There is no suggestion as yet that the 'A' tour will involve the players immersing themselves more in the lifestyle. A more in-depth answer might lie in encouraging young New Zealanders to go to India and Sri Lanka on cricket working holidays.

  8. #473
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    Mods to change thread title to "NZ - yeah we still can't ****ing bat" and lock
    Exit pursuing a beer

  9. #474
    International Regular Kippax's Avatar
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    Cricket: Hunt for ball turners high on A-team agenda - Sport - NZ Herald News

    The trip, starting on August 24, includes one, three and four-day games against India A in Vizakhapatnam, then a series of games in Sri Lanka. The squad is due back in early October before the Plunket Shield starts.

    The squad will have a week in Maroochydore in Queensland, Australia, in July, and again in August as part of the preparation.
    It is the first part in a three-year rolling plan - much of which will be based in the sub-continent, in a nod to the way New Zealand's international future is unfolding, and helped to be made possible by a grant from the International Cricket Council for that specific aim of helping bridge the gulf to test cricket.

    The squad is due to be named in about three weeks.

    There is also the prospect, to be finalised, of a match or two against the West Indies and India when they tour New Zealand next summer.


  10. #475
    International Regular Kippax's Avatar
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    Testing...



    Ah, very nice.

  11. #476
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    Lovely length.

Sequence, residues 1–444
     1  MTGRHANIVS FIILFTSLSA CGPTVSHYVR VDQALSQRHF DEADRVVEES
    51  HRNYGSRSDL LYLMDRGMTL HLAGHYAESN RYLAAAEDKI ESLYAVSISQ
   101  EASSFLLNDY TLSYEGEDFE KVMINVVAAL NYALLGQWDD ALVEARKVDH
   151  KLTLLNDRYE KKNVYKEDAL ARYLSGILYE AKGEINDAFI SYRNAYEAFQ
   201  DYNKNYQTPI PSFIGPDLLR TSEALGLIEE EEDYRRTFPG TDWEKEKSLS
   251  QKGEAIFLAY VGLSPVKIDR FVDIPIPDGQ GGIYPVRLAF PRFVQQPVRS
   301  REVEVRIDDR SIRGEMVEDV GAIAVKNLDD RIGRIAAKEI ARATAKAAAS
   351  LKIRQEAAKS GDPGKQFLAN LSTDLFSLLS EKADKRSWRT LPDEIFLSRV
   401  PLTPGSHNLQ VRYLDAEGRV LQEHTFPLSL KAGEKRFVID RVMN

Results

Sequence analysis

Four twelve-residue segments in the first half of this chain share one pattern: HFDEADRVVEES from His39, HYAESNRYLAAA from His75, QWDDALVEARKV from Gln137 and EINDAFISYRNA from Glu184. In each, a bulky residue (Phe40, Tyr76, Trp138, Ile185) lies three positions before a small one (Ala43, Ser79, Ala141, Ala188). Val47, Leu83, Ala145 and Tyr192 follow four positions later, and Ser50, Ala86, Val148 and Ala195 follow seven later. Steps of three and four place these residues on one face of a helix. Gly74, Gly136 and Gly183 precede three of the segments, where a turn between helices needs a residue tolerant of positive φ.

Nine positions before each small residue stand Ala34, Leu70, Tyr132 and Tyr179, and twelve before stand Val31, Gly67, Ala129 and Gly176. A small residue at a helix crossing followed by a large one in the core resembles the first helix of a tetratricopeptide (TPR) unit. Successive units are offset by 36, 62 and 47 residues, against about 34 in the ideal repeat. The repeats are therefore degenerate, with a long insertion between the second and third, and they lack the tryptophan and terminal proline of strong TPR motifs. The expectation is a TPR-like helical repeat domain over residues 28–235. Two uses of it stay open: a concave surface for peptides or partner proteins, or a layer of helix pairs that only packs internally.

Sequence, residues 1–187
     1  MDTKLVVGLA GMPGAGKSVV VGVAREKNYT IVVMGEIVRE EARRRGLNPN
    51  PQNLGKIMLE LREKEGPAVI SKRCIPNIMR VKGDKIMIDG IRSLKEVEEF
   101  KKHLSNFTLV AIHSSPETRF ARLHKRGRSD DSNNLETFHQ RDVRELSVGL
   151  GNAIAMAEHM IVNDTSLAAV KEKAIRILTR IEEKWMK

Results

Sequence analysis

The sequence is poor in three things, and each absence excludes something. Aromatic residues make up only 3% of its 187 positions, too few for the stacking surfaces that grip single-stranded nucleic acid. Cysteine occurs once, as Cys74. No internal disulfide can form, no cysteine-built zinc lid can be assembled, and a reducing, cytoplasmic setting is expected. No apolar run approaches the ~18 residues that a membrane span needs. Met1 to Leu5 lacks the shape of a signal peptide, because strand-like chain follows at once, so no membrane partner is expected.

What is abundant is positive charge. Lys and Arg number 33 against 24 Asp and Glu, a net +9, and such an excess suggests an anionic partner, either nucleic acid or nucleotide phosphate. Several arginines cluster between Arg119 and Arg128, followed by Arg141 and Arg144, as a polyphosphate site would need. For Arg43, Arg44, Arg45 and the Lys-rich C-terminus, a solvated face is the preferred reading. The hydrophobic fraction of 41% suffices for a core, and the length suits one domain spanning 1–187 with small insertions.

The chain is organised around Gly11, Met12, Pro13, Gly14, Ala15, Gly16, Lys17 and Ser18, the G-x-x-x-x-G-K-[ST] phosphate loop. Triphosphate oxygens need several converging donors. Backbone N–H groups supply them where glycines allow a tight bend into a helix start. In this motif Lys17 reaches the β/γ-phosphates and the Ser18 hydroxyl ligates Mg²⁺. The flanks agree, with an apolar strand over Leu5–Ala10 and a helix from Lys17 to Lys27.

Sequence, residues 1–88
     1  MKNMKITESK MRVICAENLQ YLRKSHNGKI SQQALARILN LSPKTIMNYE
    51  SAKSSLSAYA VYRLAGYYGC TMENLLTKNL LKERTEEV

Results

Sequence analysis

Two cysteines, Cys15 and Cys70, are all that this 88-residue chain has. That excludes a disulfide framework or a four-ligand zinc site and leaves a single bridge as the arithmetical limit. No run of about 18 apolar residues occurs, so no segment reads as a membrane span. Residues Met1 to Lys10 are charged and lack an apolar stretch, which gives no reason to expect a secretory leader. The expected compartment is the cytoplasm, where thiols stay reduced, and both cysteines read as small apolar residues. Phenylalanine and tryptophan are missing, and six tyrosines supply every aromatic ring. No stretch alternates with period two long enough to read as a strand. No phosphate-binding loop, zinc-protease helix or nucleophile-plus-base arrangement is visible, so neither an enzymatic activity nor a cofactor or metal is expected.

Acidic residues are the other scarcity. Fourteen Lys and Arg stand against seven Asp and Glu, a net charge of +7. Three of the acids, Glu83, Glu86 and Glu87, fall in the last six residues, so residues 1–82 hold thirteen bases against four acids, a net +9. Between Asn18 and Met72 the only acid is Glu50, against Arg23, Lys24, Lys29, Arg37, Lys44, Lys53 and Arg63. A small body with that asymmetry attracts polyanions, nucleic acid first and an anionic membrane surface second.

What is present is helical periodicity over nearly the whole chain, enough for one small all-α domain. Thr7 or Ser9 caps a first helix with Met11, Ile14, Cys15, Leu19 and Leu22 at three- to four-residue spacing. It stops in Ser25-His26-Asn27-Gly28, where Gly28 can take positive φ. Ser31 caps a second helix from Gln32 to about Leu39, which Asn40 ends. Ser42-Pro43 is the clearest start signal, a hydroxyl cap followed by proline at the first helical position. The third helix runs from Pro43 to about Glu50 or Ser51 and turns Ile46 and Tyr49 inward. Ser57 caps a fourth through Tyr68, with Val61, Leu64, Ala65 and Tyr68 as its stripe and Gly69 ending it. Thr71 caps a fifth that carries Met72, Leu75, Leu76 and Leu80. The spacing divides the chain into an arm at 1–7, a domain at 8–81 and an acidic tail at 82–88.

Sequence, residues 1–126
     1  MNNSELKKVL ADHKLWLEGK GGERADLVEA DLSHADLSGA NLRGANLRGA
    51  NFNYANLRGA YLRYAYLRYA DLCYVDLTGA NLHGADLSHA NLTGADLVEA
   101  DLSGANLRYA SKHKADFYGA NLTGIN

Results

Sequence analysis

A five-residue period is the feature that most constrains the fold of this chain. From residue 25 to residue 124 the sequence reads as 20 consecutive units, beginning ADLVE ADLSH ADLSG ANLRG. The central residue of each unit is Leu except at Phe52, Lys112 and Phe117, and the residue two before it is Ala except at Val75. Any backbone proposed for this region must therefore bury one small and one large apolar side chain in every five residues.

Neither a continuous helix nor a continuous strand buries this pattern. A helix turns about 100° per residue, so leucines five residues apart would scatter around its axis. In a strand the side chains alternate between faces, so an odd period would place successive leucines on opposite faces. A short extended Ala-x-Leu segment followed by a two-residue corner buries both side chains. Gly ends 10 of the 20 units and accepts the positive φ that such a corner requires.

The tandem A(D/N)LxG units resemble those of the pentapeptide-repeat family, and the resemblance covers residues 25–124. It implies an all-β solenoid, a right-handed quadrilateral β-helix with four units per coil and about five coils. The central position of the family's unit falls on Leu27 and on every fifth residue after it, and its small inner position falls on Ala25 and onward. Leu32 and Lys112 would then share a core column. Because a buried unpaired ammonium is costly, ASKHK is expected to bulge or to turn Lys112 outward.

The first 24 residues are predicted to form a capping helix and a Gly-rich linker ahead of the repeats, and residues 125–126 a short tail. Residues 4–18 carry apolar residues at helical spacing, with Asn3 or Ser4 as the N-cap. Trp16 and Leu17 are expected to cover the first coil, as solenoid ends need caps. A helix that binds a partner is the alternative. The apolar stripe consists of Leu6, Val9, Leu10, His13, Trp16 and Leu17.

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  12. #477
    Request Your Custom Title Now! Flem274*'s Avatar
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    Going to spam a few articles.

    Cricket: Test puzzler for McCullum - Cricket - NZ Herald News

    New Zealand captain Brendon McCullum is trying to pinpoint why his team cannot translate limited overs success to the test arena.

    It follows the opening five-wicket victory over England at Lord's where, apart from the panic of losing two wickets in the opening over, they controlled the chase through middle-order partnerships to get home with 19 balls to spare.

    After filtering through the statistical and observational data of the past couple of weeks, McCullum believes the answer comes from how the sport is differentiated.

    His hypothesis (and it remains a work-in-progress) indicates New Zealand batsmen feel more comfortable or insulated being subject to restrictions or parameters on how they play the game. Those might include fielding restrictions for power plays and a cap of 10 overs per bowler. Limited overs therefore becomes manageable; unlimited overs remains a step too far.